Up and down Ocean View Boulevard and its side streets, flood weary residents are asking themselves, "Do I stay or do I go?"
People in the Paradise Valley neighborhood have been trying to clean up the mess before the next storm arrives. Ocean View Boulevard and the cul-de-sacs that back up to the burned hillsides were inundated with muddy water and rocks.
Sheriff's deputies warned vehicle owners to move their cars off of Ocean View Boulevard. They don't want a repeat of Saturday's deluge when flood waters swept parked vehicles down the street and into K-rails and into trees.
"If they're on these streets and their cars are there, within the next hour or so, they could be towed at their own expense," said Steve Whitmore of the Los Angeles County Sheriff's Department.
Many of the residents who lost their homes over the weekend decided to stay and keep clearing their property of debris and mud.
Chris Furstenberg of La Crescenta paired sandbags with wooden planks to seal off his driveway. He said he hopes his efforts and the K-rails will be enough to protect his home from mud, but he won't stick around to find out.
"We saw what happened on Ocean View, and we just really can't take the risk of not having the evacuation, and thinking that it's just going to be a short storm," he said. "You never know up here. Up here is a different climate."
L.A. County Sheriff's Department deputies knocked on 224 doors in La Crescenta Tuesday morning to make sure residents evacuate. Those exercising their right to stay home signed refusal to evacuate forms. An estimated 40 percent are choosing to stay put.
Cary Burch of La Crescenta said he opted not to leave so he can stay home and safeguard his house.
"I'm going to proceed very cautiously, and make sure that I'm alert and aware," he said.
Many of Burch's neighbors loaded up their personal belongings. Terry Dorwart of La Crescenta said he was evacuating for the fourth time.
"I'm scared, but I'm not scared, I trust my Lord," he said.
Public works crews set up new tow away zones to keep streets open and prevent cars from being washed away.
La Crescenta escaped the destruction wrought upon its neighbor La Canada over the weekend, but residents are still worried. However, the rain was fairly light in La Crescenta Tuesday afternoon, and there was only a small stream of clear water flowing down the streets along with small rocks.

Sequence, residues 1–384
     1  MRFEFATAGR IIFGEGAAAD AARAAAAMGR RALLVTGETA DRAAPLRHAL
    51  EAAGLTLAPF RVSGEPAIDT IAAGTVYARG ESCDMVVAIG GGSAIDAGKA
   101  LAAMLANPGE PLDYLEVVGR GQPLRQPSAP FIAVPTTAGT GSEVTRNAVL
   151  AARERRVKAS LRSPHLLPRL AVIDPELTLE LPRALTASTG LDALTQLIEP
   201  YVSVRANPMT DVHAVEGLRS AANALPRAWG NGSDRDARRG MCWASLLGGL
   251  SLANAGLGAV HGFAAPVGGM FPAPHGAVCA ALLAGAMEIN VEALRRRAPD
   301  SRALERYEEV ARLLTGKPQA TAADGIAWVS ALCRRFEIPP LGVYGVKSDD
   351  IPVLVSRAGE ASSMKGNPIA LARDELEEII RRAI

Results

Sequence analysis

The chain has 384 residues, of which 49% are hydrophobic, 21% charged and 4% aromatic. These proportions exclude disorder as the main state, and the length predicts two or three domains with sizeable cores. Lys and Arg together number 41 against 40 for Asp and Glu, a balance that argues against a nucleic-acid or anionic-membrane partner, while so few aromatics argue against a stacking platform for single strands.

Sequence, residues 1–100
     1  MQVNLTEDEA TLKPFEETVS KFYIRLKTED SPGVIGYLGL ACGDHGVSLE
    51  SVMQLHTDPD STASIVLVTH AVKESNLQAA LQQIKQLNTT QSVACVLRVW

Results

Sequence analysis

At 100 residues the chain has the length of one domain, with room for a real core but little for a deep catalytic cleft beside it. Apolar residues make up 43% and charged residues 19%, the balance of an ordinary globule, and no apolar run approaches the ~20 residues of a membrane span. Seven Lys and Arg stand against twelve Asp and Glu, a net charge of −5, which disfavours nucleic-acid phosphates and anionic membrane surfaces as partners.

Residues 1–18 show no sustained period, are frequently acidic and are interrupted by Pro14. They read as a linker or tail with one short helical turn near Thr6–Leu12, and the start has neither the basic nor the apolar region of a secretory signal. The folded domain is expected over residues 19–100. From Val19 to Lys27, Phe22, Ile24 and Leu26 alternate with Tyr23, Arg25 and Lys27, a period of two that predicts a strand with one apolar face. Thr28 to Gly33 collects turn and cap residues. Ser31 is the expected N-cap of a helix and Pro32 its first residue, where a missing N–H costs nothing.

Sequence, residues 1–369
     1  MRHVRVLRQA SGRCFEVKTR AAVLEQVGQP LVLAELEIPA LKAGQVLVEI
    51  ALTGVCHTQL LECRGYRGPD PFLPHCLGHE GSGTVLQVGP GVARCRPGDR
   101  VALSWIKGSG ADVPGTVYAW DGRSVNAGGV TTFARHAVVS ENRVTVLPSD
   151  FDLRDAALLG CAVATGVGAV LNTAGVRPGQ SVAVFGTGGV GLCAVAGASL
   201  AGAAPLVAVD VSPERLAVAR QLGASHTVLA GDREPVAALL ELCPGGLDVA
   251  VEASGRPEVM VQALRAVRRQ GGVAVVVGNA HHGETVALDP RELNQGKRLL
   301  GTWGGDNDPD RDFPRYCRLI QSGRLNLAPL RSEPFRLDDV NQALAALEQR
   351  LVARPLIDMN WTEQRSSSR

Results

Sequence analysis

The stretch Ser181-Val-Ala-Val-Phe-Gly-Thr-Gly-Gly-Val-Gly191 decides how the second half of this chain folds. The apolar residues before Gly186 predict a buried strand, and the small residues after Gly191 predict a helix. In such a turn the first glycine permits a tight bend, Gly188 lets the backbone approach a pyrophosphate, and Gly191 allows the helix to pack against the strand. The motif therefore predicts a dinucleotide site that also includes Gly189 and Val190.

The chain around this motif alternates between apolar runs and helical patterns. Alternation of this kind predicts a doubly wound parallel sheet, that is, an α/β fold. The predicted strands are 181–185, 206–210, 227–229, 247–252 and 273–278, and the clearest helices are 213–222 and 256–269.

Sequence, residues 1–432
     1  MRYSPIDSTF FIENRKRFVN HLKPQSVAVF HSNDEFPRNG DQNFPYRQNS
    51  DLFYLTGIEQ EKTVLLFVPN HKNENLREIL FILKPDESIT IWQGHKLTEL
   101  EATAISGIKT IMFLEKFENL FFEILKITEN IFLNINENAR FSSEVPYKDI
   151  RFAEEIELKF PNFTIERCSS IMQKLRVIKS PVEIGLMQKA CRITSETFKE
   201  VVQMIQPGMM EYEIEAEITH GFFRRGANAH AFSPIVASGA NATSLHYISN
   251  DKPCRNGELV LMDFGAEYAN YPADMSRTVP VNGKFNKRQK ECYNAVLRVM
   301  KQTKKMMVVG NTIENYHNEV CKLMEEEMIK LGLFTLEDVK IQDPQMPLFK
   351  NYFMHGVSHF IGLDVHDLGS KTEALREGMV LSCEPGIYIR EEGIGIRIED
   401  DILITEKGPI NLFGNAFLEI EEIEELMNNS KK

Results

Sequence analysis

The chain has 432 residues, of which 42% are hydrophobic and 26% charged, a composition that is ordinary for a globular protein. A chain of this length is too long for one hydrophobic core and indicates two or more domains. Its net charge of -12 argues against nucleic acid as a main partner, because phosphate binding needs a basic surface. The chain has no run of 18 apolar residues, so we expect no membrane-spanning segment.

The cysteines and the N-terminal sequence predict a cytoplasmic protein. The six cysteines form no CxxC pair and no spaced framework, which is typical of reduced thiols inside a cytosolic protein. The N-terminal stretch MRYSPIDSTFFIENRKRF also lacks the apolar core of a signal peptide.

Crews from the L.A. County Department of Public Works were unclogging the debris basins with the use of 300 dump trucks. They are focusing on six of the smaller ones that are dry enough to clear.
"We got a couple of houses that are real low, and if this overflows like it did the other morning, and it clogs up down there, then we are going to have some problems down on our street," said Ray Stewart, a La Crescenta resident.
Even though crews have been working nonstop since the weekend, the basins will still have a lot of debris, so with the next storm, many expect that they will overflow.
A top priority is the status of the Mullally Debris Basin. Its drainage path into a storm basin under Manistee Road was blocked by huge boulders, which was the root cause of Saturday's flood. However, officials said the basin has now been completely cleared out, so extensive flooding residents saw over the weekend shouldn't happen again, but there is no guarantee.
"They did an incredible job digging up that basin from what it was yesterday. You can actually see the bottom of the front catch basin, so that's good," said Markgraf.
Residents who are evacuating were urged not to leave vehicles parked on the street and to bring in garbage bins from the curb.
Southern California has a long history of deadly slide events. The La Conchita landslide in 2005 killed 10 people and destroyed 30 homes. In 2003, 15 people at a church camp in San Bernardino County were killed by a mudslide.
Experts say that the massive Station Fire burned up much of the available fuel, so residents don't need to worry about another fire of that size in the near future. However, the recent mudslides from the winter rains did little to alleviate future mudslides from happening.
Melissa MacBride, Subha Ravindhran and Gene Gleeson contributed to this report.